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‘The Oliver Stone Experience’ Book Illuminates Controversial Director’s Career

Jammed with lengthy and insightful Q&As with three-time Oscar-winner Oliver Stone, as well as news clippings, script pages, rare photos, and production memos, Matt Zoller Seitz’s 480-page book “The Oliver Stone Experience” is, like the filmmaker and his movies, obsessive and captivating.

Even longtime fans of the polarizing but undeniably brilliant director might not know the practical reason behind the innovative style of “JFK,” that “The Doors” was originally visualized as a Fellini movie, or why Stone was sued for incitement of violence in the wake of “Natural Born Killers.” Other highlights of the book, available Sept. 13 for $50, include treatments for unproduced films, storyboards, and scene breakdowns.

More than just a fawning career survey, Seitz’s probing questions challenge Stone on a number of important subjects, including the representation of women in his work. Seitz argues that prior to the 1993 drama “Heaven and Earth,” Stone’s female characters were either thinly-written supporting roles or altogether nonexistent. The director, of course, disagrees. Their intellectual sparring over the issue forms one of the book’s most fascinating chapters.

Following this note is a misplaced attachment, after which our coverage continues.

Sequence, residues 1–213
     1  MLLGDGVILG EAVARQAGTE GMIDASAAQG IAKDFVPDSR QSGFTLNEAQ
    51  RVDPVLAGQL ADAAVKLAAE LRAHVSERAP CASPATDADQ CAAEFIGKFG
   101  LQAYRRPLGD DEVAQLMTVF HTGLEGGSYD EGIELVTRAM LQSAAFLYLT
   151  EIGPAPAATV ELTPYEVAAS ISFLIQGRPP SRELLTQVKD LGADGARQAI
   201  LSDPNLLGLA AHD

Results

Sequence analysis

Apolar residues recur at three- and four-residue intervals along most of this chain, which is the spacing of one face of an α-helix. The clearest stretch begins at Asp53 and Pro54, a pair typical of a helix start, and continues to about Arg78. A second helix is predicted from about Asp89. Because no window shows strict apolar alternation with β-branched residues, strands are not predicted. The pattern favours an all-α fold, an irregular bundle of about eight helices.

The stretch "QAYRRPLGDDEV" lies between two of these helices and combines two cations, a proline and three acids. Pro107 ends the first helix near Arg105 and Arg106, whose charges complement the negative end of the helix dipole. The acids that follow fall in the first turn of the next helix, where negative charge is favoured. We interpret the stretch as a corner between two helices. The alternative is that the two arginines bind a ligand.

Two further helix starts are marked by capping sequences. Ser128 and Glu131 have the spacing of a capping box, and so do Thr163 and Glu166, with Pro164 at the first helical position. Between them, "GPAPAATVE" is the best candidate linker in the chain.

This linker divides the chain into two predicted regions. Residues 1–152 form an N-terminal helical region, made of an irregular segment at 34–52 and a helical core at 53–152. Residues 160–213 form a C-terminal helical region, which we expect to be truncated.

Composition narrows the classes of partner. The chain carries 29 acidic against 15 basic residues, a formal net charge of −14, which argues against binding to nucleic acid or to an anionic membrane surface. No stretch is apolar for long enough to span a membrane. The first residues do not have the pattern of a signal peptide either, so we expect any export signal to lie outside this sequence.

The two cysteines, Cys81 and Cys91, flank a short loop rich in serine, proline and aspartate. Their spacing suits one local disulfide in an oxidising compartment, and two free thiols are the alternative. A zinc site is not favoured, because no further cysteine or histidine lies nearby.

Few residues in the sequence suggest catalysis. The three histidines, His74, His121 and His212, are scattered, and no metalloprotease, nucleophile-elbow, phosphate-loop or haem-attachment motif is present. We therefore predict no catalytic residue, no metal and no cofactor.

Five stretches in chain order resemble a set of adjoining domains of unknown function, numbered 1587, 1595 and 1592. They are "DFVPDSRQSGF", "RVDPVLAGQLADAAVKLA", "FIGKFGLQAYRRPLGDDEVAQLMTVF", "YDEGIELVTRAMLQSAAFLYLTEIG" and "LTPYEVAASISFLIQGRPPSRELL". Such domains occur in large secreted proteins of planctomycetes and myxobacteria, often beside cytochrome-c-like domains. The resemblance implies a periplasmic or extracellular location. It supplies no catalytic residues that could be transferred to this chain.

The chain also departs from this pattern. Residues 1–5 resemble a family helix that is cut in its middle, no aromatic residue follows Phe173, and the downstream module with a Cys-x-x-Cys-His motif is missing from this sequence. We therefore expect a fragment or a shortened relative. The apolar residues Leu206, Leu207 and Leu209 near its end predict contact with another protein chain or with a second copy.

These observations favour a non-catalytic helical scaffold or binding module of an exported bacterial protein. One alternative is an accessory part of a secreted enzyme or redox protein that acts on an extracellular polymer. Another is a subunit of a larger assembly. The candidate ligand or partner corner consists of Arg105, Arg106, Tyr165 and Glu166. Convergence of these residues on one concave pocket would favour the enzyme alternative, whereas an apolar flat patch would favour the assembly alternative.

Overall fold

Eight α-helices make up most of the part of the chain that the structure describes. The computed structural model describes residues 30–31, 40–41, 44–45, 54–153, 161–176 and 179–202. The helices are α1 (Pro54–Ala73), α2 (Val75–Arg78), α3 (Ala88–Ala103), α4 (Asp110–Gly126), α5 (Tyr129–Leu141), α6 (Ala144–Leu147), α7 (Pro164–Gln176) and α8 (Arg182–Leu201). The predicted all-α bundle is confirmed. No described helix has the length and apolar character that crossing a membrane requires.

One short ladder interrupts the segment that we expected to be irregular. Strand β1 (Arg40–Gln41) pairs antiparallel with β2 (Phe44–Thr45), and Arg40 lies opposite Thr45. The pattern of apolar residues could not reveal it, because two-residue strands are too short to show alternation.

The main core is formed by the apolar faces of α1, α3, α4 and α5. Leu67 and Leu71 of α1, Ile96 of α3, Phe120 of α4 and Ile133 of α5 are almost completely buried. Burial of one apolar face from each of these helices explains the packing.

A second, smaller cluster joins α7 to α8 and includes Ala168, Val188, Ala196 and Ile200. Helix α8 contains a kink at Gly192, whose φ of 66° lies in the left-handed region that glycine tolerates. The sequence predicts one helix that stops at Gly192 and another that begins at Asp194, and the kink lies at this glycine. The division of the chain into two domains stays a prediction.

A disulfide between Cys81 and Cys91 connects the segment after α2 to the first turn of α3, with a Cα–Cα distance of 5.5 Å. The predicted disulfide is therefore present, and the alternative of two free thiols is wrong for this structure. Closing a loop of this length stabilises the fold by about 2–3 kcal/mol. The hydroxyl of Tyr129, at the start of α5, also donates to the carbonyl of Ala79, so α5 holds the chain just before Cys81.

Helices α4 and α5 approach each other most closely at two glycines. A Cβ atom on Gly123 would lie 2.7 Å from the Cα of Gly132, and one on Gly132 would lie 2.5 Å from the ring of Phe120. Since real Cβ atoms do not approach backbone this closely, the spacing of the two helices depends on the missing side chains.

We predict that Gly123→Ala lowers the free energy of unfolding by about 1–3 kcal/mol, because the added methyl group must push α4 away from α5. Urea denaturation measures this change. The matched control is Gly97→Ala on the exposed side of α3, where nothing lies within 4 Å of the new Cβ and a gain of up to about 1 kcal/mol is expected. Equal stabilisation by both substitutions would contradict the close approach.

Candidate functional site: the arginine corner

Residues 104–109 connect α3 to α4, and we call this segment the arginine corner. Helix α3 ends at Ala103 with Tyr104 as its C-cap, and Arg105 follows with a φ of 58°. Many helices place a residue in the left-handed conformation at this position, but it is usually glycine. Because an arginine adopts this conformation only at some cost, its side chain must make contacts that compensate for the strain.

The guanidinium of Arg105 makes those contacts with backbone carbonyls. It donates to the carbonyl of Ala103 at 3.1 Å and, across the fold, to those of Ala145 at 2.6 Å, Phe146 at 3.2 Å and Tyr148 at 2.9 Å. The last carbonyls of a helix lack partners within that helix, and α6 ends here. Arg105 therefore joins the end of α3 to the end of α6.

Beginning with his childhood, and encompassing his combat duty in Vietnam, the book analyzes Stone’s films from an intensely psychological viewpoint. At times, this puts the author and subject amusingly at odds with each other. When Seitz examines the director’s early low-budget horror films “Seizure” and “The Hand” for autobiographical nuance, Stone sounds understandably skeptical.

Covering everything from Stone’s work-for-hire scripts on troubled films like “Eight Million Ways to Die” to his latest work “Snowden,” the book is sure to provide both fans and detractors with a wealth of new material to chew on.

(Pictured: Oliver Stone shooting 1979’s “Mad Man of Martinique”)

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